Ukraine halts world’s 50% supply of neon output needed for making chips amid Russian invasion

Ukraine’s two leading suppliers of neon, which produce about half the world’s supply of the key ingredient for making chips, have halted their operations as Moscow has sharpened its attack on the country, threatening to raise prices and aggravate the semiconductor shortage.

Some 45%-54% of the world’s semiconductor grade neon, critical for the lasers used to make chips, comes from two Ukrainian companies, Ingas and Cryoin, Reuters said based on figures from Techcet. Global neon consumption for chip production reached about 540 metric tons last year.

Both firms have shuttered their operations as Russian troops have escalated their attacks on cities throughout Ukraine, killing civilians and destroying key infrastructure.

The stoppage casts a cloud over the worldwide output of chips, already in short supply after the coronavirus pandemic drove up demand for cell phones, laptops and later cars, forcing some firms to scale back production.

Before the invasion, Ingas produced 15,000 to 20,000 cubic meters of neon per month for customers in Taiwan, Korea, China, the United States and Germany, with about 75% going to the chip industry, Nikolay Avdzhy, the company’s chief commercial officer said.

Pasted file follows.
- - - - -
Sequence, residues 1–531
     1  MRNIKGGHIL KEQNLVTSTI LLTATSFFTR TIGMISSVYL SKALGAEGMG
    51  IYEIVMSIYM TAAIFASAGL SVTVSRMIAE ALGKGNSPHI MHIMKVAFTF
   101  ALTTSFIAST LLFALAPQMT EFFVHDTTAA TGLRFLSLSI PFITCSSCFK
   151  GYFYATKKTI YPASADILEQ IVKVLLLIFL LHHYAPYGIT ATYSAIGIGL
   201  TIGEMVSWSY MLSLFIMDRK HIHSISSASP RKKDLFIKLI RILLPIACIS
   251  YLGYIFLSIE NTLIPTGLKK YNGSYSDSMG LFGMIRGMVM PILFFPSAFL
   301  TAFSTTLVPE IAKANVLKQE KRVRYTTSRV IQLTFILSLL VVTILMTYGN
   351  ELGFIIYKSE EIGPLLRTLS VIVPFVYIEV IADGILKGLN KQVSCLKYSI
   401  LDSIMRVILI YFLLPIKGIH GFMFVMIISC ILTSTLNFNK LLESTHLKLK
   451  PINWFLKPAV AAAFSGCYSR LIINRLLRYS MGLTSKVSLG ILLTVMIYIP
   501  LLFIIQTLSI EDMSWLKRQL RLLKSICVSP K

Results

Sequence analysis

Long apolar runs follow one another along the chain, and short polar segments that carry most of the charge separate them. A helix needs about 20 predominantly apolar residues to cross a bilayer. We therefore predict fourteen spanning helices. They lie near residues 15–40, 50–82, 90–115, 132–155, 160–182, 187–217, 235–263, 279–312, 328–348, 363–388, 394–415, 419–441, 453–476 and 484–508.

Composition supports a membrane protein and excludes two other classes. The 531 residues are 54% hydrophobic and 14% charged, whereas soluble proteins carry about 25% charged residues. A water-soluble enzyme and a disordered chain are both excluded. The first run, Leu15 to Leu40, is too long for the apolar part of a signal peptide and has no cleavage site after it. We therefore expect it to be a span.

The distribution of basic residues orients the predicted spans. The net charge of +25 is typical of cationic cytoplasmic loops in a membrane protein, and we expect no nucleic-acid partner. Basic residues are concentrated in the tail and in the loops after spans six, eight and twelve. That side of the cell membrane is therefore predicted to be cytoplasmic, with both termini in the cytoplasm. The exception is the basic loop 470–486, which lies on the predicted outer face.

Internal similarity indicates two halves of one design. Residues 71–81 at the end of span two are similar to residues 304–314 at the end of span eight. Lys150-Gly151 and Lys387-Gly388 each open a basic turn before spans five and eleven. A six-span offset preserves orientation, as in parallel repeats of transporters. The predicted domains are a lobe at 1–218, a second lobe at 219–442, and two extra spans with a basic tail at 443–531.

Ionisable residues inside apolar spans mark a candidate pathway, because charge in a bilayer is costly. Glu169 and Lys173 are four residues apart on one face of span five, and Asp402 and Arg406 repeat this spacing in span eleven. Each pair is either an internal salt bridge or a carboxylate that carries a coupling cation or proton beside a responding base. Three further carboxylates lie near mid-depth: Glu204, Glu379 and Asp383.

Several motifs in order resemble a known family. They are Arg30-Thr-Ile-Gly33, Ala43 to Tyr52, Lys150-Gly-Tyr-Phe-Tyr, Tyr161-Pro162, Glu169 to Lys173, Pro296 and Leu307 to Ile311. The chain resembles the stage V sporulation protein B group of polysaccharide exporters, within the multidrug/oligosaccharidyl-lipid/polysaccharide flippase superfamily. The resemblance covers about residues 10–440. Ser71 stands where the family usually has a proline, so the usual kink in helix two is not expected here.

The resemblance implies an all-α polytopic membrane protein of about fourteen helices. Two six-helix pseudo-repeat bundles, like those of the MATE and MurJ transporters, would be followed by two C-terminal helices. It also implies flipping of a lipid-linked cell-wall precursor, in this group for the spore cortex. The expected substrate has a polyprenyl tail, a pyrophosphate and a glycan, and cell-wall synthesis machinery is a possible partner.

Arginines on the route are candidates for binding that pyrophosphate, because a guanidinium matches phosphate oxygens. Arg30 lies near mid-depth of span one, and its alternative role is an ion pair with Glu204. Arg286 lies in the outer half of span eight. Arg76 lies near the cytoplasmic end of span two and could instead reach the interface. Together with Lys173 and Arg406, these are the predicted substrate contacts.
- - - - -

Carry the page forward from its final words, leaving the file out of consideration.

The company is based in Mariupol, which has been under siege by Russian forces. On Wednesday, Russian forces destroyed a maternity hospital there, in what Kyiv and Western allies called a war crime. Moscow said the hospital was no longer functioning and had been occupied by Ukrainian fighters.

Cryoin, which produced roughly 10,000 to 15,000 cubic meters of neon per month, and is located in Odessa, halted operations on Feb. 24 when the attacks began to keep employees safe, according to business development director Larissa Bondarenko.

Bondarenko said the company would be unable to fill orders for 13,000 cubic meter of neon in March unless the violence stopped. She said the company could weather at least three months with the plant closed, but warned that if equipment were damaged, that would prove a bigger drag on company finances and make it harder to restart operations quickly.

Taiwan’s Economy Ministry said Taiwanese firms had already made advanced preparations and had “safety stocks” of neon, so it did not see any problems in the supply chain in the near term.